Build-a-Word Magnetic Tray

This Build-A-Word Magnetic Tray is perfect for your beginning reader!  Teach your child to both spell and decode using this easy-to-make tool!  

Build-A-Word Magnetic Tray


Making your own Magnetic Build-a-Word Tray is a great way to promote pre-reading skills with your preschooler or early-elementary student. The best part about this DIY tray is that it can grow with your child–adding new skills as your child progresses through the early literacy process. I’m sharing the tutorial for assembling the tray today. In the next week or so, I’ll be sharing several ways to use this tray to help with letter recognition, phonemic awareness, and decoding.


Materials for the Build-A-Word Magnetic Tray:

-A Cookie Sheet
-21 1-inch tiles,
-5 GemStones
-hot glue gun
-magnetic buttons
-a permanent marker
Mod Podge (optional).


 1. Write all lower-case consonants on your 1-inch tiles. If you want to ensure that the marker doesn’t eventually fade, you can paint over them with Mod Podge.

Edited to Add:  I highly recommend adding Mod Podge!  We have had ours for over 7 years now and none of the tiles have faded!


2. Next, write all the lower-case vowels on the alternate tiles/GemStones. If you choose, paint over with Mod Podge.


 3. Attach a magnetic button on the back of each of the tiles/GemStones using a glue gun.




 4. Write each capital letter at the top of the cookie sheet using your Sharpie and draw 5 equally-spaced stars at the bottom (I’ll explain why in a future post).




Big Brother in action with his Build-a-Word Tray!


There are so many ways to use this Build-A-Word Magnetic Tray!  Your child can match capital and lowercase letters, sound out individual sounds in words, decode words, change the beginning or ending sounds, and more!


Go ahead and make your trays and then get ready for some great pre-reading activities!

Other Activities that Use the Build-a-Word Tray:


  1. Its not magnetic, but my kids use the letters from the game Banagrams (could also use Scrabble, Scrabble Jr, etc). We ripped of the idea from the game What’s Gnu and made cards for three letter words with one or two letters missing. We have fun with it! Had my three year old spelling God and Jesus yesterday with the letters. Note: three year isn’t super gifted – we just happen to know two songs where JESUS and GOD are spelled out:)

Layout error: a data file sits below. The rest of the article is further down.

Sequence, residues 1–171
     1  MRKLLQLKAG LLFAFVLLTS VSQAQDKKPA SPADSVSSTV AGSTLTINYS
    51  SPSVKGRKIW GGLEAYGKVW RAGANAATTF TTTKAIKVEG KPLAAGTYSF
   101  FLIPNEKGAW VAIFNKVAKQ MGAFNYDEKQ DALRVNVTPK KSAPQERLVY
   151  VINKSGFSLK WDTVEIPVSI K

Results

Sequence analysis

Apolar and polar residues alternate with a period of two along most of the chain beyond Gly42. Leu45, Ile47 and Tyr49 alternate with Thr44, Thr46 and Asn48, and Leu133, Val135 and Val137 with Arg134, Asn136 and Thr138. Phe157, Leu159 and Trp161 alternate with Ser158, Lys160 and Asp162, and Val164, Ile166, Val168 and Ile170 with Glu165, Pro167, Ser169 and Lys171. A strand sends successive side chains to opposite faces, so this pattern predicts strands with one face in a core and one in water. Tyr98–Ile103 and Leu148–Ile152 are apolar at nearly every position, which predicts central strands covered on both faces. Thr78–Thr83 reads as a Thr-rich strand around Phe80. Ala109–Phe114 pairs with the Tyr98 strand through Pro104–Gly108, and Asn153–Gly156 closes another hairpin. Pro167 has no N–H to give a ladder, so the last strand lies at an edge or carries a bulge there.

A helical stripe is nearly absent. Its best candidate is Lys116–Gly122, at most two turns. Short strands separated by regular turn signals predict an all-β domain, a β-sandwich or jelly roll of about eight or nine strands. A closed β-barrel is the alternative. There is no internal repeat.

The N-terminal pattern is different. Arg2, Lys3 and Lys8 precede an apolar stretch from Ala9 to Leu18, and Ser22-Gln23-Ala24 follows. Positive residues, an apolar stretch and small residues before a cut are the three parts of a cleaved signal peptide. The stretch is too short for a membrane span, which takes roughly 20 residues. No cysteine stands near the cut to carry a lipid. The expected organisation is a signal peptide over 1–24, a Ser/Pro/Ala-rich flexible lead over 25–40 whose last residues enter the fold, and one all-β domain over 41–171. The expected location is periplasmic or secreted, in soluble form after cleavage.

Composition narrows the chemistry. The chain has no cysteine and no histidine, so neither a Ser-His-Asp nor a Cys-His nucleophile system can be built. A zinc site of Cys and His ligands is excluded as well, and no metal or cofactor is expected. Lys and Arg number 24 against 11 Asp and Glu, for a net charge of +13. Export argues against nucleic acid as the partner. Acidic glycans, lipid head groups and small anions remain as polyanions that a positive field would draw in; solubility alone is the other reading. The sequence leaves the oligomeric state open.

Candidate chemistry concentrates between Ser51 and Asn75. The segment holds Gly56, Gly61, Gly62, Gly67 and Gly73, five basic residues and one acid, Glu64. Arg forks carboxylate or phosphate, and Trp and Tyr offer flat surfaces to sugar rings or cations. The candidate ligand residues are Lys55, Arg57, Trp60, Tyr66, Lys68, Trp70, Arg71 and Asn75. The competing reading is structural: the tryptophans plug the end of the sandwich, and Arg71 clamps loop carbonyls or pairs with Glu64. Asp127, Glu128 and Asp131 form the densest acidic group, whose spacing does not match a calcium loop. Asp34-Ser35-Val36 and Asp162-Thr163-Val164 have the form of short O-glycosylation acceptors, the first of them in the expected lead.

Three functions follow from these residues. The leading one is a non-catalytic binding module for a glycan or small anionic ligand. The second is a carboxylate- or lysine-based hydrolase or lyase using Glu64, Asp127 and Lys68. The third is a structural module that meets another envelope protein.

2. I love it so far! I am working on mine with letter tiles I used to you while teaching that have been sitting in the garage for a few years. I am using highlighter tape over the vowels. Loving using items on hand to make this new board and can’t wait to see what fun activities you have for us to use with it! Thanks!!!

  3. I don’t want to take the time to make these tiles for myself right now. Do you know where I could buy some with the vowels looking different so that I could do the activities you’re showing us? Thanks so much!

  4. What a fantastic and simple idea! Thanks so much for sharing, I am def pinning this for making myself :)

  5. This is a great adaptation to letter tiles. Cute idea. The activity itself is interesting. I posted a similar one on my site back in Nov 2011. It’s amazing how much commonality there is, but great way to teach letters to children. Any time my children can get their hands on a manipulative to learn a new concept they love it. I really like the use of the tiles-I have been finding them at Lowe’s in the discount area for another household project, so they’re really inexpensive. I am not sure about the kids using them since they are glass. We use milk caps for our letter tiles.

    1. Yes, I agree. There really is “nothing new under the sun” (or at least it doesn’t seem like it sometimes). :) As I mentioned in this post, this idea was based on the “Pathways to Reading” curriculum I used in my first grade classroom.

      The glass tiles have worked out fine for us so far. We’ve used it for several months with no problems. :)

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